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5 lifestyle changes to make you more successful, from Charlie Munger, Mark Zuckerberg and others

Michael Nagle/Bloomberg via Getty Images

Waiting to win the lottery, find the perfect job opportunity or come up with a genius idea to launch a startup will, more often than not, fail to produce the results you want.

If you're trying to earn more money or get ahead in your career, take a look at how you could improve the way you manage your money, handle your career and present yourself.

Here are five lifestyle changes that could help you become more successful, from some of the biggest names in business:

1. Pick up a book, not your phone

Warren Buffett's business partner graduated from Harvard Law School without ever having received an undergraduate degree. The investing guru and vice chairman of credits much of his success to a habit he and Buffett share — reading.

He says young people should and more time buried in books.

Charlie Munger, Bill Gates, and Warren Buffett
Lacy O'Toole | CNBC 

"In my whole life, I have known no wise people who didn't read all the time — none, zero," says Munger, according to David Clark, author of "The Tao of Charlie Munger. "

Scientific research supports Munger's advice to read more. Several studies have found that people who read show higher levels of empathy and emotional intelligence and are more likely to stay mentally sharp.

2. Start investing more

Saving will only get you so far, according to billionaire entrepreneur Mark Cuban. The co-host of ABC's "Shark Tank" says that becoming a millionaire involves taking .

Investing in a mutual fund can be a great way to start building wealth, Cuban tells Money, because they're relatively low-risk compared, to other investments.

You'll also begin to your wealth, and investors agree that compounding — when money grows with "interest on interest" — is crucial to growing your portfolio.

3. Follow your "hunger"

Boxed CEO , who co-founded a startup that now brings in more than $100 million in annual revenue, says that the most successful people have an incredible "hunger" for success.

Huang, who grew up poor, says that an extreme determination to better himself is what made the difference in his career. He worked hard to graduate from John Hopkins University and Fordham Law School and, eventually, to start his retail company.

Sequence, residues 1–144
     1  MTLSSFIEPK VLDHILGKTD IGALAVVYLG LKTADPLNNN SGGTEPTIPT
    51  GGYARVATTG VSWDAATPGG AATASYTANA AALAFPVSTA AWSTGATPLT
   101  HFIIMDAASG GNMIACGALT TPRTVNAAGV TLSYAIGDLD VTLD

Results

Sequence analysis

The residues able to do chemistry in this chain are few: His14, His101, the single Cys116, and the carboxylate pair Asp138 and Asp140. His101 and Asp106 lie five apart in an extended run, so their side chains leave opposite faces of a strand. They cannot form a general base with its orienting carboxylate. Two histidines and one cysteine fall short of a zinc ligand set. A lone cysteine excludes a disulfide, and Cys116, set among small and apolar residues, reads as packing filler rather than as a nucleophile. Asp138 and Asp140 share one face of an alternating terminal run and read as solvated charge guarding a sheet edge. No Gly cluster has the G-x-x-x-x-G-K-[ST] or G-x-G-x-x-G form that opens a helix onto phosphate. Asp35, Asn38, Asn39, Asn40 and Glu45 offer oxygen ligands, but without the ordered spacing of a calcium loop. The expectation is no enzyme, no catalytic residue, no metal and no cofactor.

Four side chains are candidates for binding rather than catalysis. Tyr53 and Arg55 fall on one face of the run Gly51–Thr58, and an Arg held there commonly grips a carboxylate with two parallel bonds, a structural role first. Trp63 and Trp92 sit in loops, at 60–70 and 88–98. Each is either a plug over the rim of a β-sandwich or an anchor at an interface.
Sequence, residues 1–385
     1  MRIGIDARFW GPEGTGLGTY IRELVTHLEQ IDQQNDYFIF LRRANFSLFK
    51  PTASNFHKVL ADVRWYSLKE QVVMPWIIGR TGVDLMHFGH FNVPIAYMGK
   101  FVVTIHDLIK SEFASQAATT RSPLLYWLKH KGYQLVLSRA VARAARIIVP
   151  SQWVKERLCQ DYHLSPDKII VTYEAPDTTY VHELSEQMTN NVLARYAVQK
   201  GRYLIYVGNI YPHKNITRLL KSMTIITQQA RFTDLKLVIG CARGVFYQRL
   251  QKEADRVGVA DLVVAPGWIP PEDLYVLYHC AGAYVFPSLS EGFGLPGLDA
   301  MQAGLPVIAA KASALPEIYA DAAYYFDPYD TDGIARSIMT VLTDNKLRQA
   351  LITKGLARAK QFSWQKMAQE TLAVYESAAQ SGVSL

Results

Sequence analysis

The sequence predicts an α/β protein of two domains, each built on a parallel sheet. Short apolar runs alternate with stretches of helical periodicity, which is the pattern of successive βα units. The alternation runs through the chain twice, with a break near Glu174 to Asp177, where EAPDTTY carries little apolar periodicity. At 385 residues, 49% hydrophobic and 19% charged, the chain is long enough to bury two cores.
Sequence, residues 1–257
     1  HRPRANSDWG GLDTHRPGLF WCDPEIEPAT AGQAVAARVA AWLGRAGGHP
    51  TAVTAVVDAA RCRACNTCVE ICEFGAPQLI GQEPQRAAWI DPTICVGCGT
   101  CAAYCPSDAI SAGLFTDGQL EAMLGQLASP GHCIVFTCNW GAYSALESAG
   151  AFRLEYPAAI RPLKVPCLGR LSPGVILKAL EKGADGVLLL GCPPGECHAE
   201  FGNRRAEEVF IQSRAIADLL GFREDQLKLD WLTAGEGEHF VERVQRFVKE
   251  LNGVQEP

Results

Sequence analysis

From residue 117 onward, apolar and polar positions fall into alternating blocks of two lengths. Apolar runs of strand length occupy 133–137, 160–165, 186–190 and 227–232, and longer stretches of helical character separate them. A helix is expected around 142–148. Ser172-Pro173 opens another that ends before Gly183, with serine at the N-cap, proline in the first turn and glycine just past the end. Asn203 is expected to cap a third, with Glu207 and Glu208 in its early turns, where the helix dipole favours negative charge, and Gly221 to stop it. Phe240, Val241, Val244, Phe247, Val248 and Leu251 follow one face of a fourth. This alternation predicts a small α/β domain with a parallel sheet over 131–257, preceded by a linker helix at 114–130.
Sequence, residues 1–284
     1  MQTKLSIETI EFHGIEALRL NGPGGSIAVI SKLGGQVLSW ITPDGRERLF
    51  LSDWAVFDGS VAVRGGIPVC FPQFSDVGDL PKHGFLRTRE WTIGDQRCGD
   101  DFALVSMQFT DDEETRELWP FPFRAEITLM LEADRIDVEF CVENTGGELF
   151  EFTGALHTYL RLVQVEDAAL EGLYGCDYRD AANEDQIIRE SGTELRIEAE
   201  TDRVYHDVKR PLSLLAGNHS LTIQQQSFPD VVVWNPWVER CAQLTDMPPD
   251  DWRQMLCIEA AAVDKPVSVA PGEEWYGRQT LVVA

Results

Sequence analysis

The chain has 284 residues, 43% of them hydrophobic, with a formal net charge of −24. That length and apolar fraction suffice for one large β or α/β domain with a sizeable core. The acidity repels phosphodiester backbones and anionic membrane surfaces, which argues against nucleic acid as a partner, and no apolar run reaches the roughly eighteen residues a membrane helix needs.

In job interviews, he asks candidates to describe their life's story in an effort to see if the job seeker is truly determined. How you describe yourself, he says, reveals a lot about your work ethic and personality.

"Without that hunger," the CEO says, "intelligence alone gets you nowhere."

4. Live within your means

According to Cuban, if you want to become rich, you need to . The entrepreneur once went to extreme measures to save money, but he says they paid off.

"I did things like and living off of macaroni and cheese, and I was very, very frugal, " Cuban told Money. Living well below his means enabled him to save money and pursue a rewarding career.

Many other successful people suggest the same strategy, including Cherie and Brian Low, a who paid off $127,000 in just four years.

"Every time you check out at the grocery store, you need to look in your cart and find three to five items that you don't need," Cherie says. "You will save $5 to $10 every time you shop without cutting a single coupon."

Cherie and Brian say that exercising self-control made all the difference to their financial health. With less debt and more in savings, they are happier and much less stressed.

5. Think like an entrepreneur 

At Facebook, there's a saying "Move fast and break things" — a nod to the company's software engineers who "break" and then improve its code.

But according to Facebook CEO and co-founder , thinking like an entrepreneur and a hacker is what has set his company apart from other tech startups.

"I think good engineers and good technical entrepreneurs have that instinct where, when there's something they want to build, just go do it," Zuckerberg says in the podcast Masters of Scale.

"Be entrepreneurial about it," he adds, "and be a hacker and go do it."

Disclosure: CNBC owns the exclusive off-network cable rights to "Shark Tank."

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These successful people share how to get more done in your 24-hour day
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